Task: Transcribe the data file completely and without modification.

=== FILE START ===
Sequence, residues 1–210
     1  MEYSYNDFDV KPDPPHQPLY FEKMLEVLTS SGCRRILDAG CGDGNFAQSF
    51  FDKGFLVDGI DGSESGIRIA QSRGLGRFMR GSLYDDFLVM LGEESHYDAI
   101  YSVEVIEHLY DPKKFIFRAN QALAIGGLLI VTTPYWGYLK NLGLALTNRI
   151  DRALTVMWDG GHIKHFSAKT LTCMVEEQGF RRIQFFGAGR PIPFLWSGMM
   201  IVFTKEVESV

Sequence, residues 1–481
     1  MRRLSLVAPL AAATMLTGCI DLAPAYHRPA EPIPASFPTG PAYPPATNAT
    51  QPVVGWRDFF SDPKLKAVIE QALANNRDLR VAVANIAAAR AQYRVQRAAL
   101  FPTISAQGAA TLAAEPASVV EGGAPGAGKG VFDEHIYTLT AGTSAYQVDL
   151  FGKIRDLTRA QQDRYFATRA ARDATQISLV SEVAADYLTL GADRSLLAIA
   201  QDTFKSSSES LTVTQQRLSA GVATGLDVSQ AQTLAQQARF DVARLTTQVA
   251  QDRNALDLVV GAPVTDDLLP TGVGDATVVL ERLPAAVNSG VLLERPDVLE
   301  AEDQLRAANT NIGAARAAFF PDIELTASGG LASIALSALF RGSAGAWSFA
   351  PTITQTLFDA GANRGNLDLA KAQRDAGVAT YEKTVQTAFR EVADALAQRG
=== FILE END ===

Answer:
Sequence, residues 1–210
     1  MEYSYNDFDV KPDPPHQPLY FEKMLEVLTS SGCRRILDAG CGDGNFAQSF
    51  FDKGFLVDGI DGSESGIRIA QSRGLGRFMR GSLYDDFLVM LGEESHYDAI
   101  YSVEVIEHLY DPKKFIFRAN QALAIGGLLI VTTPYWGYLK NLGLALTNRI
   151  DRALTVMWDG GHIKHFSAKT LTCMVEEQGF RRIQFFGAGR PIPFLWSGMM
   201  IVFTKEVESV

Sequence, residues 1–481
     1  MRRLSLVAPL AAATMLTGCI DLAPAYHRPA EPIPASFPTG PAYPPATNAT
    51  QPVVGWRDFF SDPKLKAVIE QALANNRDLR VAVANIAAAR AQYRVQRAAL
   101  FPTISAQGAA TLAAEPASVV EGGAPGAGKG VFDEHIYTLT AGTSAYQVDL
   151  FGKIRDLTRA QQDRYFATRA ARDATQISLV SEVAADYLTL GADRSLLAIA
   201  QDTFKSSSES LTVTQQRLSA GVATGLDVSQ AQTLAQQARF DVARLTTQVA
   251  QDRNALDLVV GAPVTDDLLP TGVGDATVVL ERLPAAVNSG VLLERPDVLE
   301  AEDQLRAANT NIGAARAAFF PDIELTASGG LASIALSALF RGSAGAWSFA
   351  PTITQTLFDA GANRGNLDLA KAQRDAGVAT YEKTVQTAFR EVADALAQRG